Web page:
Most importantly, almost all bed sharing deaths involve bottle-fed babies, not breastfed ones. An investigative report of co-sleeping deaths in Milwaukee WI found that in the year 2009 until the point of press in 2010, 100% of babies who died were formula-fed (bottles). This is not to demonize nighttime formula-feeding, but rather to demonstrate how breastfeeding can grant protection against the safety risks; co-sleeping itself works symbiotically with breastfeeding; and co-sleeping may not be worth the safety threat for a family who bottle-feeds, as such increases risk.
Of course, many variables compound into an overall hazardous environment, and I’ll discuss those below.
Does Cosleeping Lead to Ear Infections?
Evidence shows formula-fed babies who are fed bottles while laying down are more prone to infections in the ear canal (otitis media). However, bottle-fed and breastfed babies are not equally affected by such position while eating. Kellymom points out that many breastfeeding positions involve a supine baby, not only the one where mother is side-lying. She makes several other thoughtful points:
“1) breastmilk and formula are not the same — breastmilk inhibits the formation of bacteria, while formula encourages bacteria; and (2) breastfeeding and bottle feeding are not the same — milk does not pool in the mouth when baby is nursing, as as it does when baby drinks from a bottle.”
Let’s look at the different mechanics between each feeding style in regards to otitis media, explained by Dr. Craig Brown, M.D.:
“The vacuum created by bottle feeding can play havoc with the ear’s inner auditory tube. Negative pressure generated in the mouth is transmitted up the tube and into the middle ear where, as a result, fluid can build up. The increased fluid can cause hearing difficulties and infections. Interestingly, none of this occurs with breast feeding, which does not create any kind of vacuum and which actually creates positive pressure within the ear.”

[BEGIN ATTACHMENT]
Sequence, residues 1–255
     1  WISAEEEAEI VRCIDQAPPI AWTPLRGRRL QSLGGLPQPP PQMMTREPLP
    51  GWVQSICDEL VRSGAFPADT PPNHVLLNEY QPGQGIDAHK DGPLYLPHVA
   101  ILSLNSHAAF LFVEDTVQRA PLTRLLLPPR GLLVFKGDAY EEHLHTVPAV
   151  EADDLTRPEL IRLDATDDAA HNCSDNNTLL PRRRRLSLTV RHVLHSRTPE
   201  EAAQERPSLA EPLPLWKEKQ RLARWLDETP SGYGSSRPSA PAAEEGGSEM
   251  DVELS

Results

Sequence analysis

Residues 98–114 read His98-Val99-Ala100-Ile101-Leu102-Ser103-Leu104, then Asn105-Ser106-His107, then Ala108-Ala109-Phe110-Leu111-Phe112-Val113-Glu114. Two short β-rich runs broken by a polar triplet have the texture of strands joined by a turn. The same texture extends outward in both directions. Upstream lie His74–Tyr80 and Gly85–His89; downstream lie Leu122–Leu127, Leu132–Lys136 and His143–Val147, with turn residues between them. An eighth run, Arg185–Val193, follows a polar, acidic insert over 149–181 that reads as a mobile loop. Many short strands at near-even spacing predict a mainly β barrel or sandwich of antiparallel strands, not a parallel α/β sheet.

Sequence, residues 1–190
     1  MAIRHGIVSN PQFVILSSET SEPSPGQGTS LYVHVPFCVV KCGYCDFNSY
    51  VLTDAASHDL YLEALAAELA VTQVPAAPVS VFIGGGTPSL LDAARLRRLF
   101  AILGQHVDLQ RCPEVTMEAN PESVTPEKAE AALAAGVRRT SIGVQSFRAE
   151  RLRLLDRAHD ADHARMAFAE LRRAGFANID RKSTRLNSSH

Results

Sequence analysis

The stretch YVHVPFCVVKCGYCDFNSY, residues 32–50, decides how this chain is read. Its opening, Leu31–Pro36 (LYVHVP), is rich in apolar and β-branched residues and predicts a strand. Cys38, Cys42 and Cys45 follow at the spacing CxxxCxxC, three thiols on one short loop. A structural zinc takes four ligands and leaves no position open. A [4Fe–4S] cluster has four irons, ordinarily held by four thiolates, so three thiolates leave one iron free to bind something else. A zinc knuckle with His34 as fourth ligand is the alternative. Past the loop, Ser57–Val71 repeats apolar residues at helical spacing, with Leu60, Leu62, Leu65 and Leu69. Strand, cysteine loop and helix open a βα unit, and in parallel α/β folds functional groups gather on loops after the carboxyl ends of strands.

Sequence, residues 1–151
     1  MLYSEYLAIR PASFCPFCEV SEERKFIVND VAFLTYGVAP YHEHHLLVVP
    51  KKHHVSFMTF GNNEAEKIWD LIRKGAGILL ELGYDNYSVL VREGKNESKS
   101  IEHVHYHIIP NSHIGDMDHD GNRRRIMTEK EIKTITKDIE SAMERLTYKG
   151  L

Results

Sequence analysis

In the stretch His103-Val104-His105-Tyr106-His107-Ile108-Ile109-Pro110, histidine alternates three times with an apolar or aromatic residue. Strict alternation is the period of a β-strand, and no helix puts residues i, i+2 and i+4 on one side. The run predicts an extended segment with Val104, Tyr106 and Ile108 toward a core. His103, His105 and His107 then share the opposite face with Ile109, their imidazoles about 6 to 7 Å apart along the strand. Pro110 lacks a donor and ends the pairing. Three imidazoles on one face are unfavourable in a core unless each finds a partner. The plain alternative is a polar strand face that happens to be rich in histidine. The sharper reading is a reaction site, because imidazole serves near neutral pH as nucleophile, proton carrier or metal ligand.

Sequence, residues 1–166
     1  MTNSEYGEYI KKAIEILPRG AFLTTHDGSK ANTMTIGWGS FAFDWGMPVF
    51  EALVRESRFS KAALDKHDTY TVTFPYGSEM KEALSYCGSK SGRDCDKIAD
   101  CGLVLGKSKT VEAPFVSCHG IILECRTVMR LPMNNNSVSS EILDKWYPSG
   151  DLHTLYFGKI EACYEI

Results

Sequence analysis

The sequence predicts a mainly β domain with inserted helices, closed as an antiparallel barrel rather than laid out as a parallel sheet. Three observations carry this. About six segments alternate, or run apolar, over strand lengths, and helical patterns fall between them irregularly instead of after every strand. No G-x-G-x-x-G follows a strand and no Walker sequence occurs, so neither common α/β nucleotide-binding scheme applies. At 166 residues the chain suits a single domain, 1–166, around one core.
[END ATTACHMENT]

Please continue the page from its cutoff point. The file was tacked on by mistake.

What About Special Safety Precautions?
I think perhaps the question is not “Who’s correct about where and when babies should sleep by themselves?” but rather “How will the baby be able to sleep most safely?”
Please consider the following carefully. Current recommendations for safe sleep-sharing:
- No Soft Stuff: Babies under one year of age should sleep in an environment absent of pillows, stuffed animals, and heavy or fluffy blanketing. Avoid water bed mattresses, as well as cushions with split crevices (such as a couch).
- No Smoking: A parent who smokes is advised not to co-sleep or bed-share. The area must be smoke-free, and even secondhand smoke residue in clothing, hair and bedding is another strike against the space’s security.
- No Belly Sleeping: Babies should always sleep on their backs. After breastfeeding in bed, be sure to lay the baby on his or her back again.
- No Blanket: Consider a sleep-sack or fitted clothing for your baby in lieu of a blanket.
- No Other Objects: The bed should be moved away from windows (blind cords are a strangulation hazard) and other furniture.
- No Gaps: There should be no gap between the headboard and mattress.
- No Drugs: Parents should never co-sleep with their child if they have consumed alcohol, smoked cigarettes, or taken over-the-counter medications or sedatives.
- No Pets: Pets should not be allowed in bed with to sleep with baby.
- Prevent Hair Entanglement: Mothers with very long hair should tie it back to prevent entangling the child (it has happened).
- Parental Size: Significantly overweight parents may choose to let their baby sleep in a side-car crib arrangement rather than bed-share traditionally, or opt for a particularly sturdy mattress to prevent a depression that the baby can roll into.
- No Solo Sleep: Emphasize the “co” in co-sleeping: never leave a baby alone in a bed made for adults.
- No Older Kids: Babies under one year of age shouldn’t share a bed with older siblings.
- Cool Room: It may help to keep the room a bit cooler as extra body warmth in bed could overheat a young baby.
- Take even more precautions with this Sleep Safety Checklist.
In the Houston area? You can reserve a spot in my offering of Birth Boot Camp’s Homecoming: Life With a New Recruit class, in which you’ll learn more about cosleeping and other newborn care topics. I offer group and private classes. Not in Houston? Online classes can be found here.
- Start out with this list of articles on co-sleeping by Dr. James McKenna, who wrote Sleeping with Your Baby: A Parent’s Guide to Cosleeping.
- Excellent commentary of infant sleep by Kathy Dettwyler